Will you be among the 28.6 million Americans who will qualify under Obamacare (The Patient Protection and Affordable Care Act) for health care credits to purchase health insurance starting in 2014?
Take a look at the following chart. If your household income is no more than the amount listed in the second column, you earn less than four times the federal poverty level, and will qualify.
It’s likely that more than a few real estate professionals will qualify. For example, if you’re a single real estate pro and have no more than $45,960 in income in 2014, you’ll qualify for a health care credit. A family of four can earn as much as $94,200 and qualify.
|Household size||400 percent of poverty level
|For each additional person, add||$16,080|
Although they are called credits, these payments made under Obamacare are really a government-funded subsidy. You don’t need to owe any income taxes to receive the credit.
Moreover, it’s paid directly to your health insurance company, not to you when you enroll in your health insurance plan. This means that you will not need to wait until your taxes have been filed and processed to receive the credit; nor will you need to pay the full premium when you purchase health insurance and then wait to be reimbursed.
How much is the credit? It depends on your household size and income. Those with the lowest incomes will receive the largest tax credits. You can get an idea of how big a credit you’ll qualify for by using the Kaiser Family Foundation Health Reform Subsidy Calculator. Plug in your income numbers and the calculator will give you an estimate of your subsidy. For example:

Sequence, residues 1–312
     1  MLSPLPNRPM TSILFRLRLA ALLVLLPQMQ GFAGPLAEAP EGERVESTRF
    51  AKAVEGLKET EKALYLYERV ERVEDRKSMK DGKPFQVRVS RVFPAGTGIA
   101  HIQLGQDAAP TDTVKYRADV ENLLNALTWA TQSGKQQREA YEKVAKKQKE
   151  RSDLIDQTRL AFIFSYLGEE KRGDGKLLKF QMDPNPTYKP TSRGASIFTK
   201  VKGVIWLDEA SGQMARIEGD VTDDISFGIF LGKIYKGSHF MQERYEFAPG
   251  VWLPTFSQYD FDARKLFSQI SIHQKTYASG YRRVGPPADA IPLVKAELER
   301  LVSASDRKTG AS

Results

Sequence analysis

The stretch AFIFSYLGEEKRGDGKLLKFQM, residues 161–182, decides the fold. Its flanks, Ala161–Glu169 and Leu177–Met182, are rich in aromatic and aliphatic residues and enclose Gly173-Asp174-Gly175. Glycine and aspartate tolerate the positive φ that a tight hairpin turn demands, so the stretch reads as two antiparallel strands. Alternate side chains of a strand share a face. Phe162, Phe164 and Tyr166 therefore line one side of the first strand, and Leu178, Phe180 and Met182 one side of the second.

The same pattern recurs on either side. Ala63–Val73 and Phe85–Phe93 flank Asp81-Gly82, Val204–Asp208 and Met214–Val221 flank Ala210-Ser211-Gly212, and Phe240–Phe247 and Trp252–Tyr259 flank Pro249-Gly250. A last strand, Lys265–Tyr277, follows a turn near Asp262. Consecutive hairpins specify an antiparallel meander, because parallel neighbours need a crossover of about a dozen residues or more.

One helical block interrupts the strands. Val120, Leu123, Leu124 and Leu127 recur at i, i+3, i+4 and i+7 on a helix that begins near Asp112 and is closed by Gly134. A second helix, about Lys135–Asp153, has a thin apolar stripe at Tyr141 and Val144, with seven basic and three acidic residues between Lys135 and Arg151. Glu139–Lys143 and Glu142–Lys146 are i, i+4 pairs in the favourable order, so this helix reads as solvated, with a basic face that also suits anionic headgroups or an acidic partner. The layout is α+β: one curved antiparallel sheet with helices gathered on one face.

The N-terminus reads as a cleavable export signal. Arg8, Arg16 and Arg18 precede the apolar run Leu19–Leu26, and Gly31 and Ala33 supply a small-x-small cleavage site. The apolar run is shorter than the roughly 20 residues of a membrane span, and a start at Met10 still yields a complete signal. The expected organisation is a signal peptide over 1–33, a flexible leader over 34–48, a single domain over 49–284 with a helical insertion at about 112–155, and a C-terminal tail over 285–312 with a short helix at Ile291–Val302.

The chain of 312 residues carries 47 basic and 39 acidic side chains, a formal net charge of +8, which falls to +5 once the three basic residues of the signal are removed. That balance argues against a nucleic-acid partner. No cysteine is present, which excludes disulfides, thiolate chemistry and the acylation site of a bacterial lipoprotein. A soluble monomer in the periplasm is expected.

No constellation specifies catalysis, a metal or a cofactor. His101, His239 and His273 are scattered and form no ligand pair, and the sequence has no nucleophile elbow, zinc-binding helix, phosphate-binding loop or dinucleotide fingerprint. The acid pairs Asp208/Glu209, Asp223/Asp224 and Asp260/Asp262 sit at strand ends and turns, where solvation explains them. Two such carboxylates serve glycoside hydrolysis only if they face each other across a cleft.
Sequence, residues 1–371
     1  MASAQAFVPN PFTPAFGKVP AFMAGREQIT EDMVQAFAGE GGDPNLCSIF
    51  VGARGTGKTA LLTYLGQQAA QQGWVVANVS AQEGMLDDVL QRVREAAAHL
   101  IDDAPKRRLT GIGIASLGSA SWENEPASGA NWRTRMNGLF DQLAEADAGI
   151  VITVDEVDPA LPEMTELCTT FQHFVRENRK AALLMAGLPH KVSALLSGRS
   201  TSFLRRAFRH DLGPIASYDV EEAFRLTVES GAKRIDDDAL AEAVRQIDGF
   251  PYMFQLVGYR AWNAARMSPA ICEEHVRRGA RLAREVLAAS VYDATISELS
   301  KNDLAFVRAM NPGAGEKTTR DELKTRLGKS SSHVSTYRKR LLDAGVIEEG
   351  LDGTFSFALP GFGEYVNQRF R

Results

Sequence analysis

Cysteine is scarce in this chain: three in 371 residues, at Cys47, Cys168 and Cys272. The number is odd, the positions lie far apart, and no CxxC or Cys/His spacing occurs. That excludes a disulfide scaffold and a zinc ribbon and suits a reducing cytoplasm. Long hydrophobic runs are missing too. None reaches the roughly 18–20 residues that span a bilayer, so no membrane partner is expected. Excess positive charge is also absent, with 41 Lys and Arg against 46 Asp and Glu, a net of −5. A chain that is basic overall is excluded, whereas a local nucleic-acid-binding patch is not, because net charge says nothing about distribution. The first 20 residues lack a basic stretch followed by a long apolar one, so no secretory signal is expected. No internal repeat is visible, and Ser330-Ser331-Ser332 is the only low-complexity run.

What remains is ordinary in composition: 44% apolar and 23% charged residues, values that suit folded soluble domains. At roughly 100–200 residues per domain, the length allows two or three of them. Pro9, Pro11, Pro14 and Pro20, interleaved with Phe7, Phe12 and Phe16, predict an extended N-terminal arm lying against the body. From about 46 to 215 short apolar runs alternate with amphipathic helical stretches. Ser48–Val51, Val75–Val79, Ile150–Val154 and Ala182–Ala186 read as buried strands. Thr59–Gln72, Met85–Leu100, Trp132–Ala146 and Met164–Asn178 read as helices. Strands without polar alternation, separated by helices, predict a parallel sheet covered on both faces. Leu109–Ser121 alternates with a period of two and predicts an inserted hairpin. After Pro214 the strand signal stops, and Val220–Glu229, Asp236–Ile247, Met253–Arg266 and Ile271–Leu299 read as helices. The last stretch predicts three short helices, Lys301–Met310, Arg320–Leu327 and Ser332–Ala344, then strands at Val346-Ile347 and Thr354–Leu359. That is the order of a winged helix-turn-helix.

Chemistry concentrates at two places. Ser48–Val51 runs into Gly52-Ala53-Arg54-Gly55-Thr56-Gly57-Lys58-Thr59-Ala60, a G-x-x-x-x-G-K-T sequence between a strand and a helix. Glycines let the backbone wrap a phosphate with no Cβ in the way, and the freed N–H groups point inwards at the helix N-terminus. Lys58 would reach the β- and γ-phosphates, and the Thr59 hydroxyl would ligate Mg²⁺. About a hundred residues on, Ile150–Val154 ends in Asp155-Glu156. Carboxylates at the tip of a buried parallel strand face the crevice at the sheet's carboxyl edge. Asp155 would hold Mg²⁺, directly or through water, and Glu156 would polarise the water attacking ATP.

- a single with $35,000 in income in 2014 would qualify for annual credit of about $1,033
- a family of two with $60,000 in income would qualify for a credit of about $2,370, and
- a family of four with $90,000 in annual income in 2014 would get a $3,353 credit.
If you already have health coverage through an employer or your spouse’s employer, you won’t need or qualify for the health insurance credits, subject to two important exceptions:
- your employer’s health plan covers less than 60 percent of the cost of covered benefits, or
- your share of the employer’s premium that you must pay from your own pocket is over 9.5 percent of your income.
If either exception applies, you may enroll in a plan through your state health insurance exchange and be eligible for premium and cost-sharing subsidies.
If you qualify for the credit, it will help offset the expected increase in the cost of health insurance for individuals and small groups in 2014. For example, average premiums are predicted to rise by 14 percent in California in 2014. (Source: Factors Affecting Individual Premium Rates in 2014 for California.)
There are several reasons for the expected premium increases. One is Obamacare’s prohibition of preexisting condition restrictions by health insurers. Another is the mandate that all health insurance provide minimal health benefits that are far more generous than those currently offered.
Self-employed individuals and businesses will be able to purchase health insurance through state online health insurance exchanges. Each state will have its own exchange. Each state’s exchange is supposed to be up and running on Oct. 1, 2013, and you’ll be able to enroll in a health plan with coverage starting in January 1, 2014. For details, visit HealthCare.gov/marketplace.
Stephen Fishman is a tax expert, attorney and author who has published 18 books, including “Working for Yourself: Law & Taxes for Contractors, Freelancers and Consultants,” “Deduct It,” “Working as an Independent Contractor,” and “Working with Independent Contractors.” He welcomes your questions for this weekly column.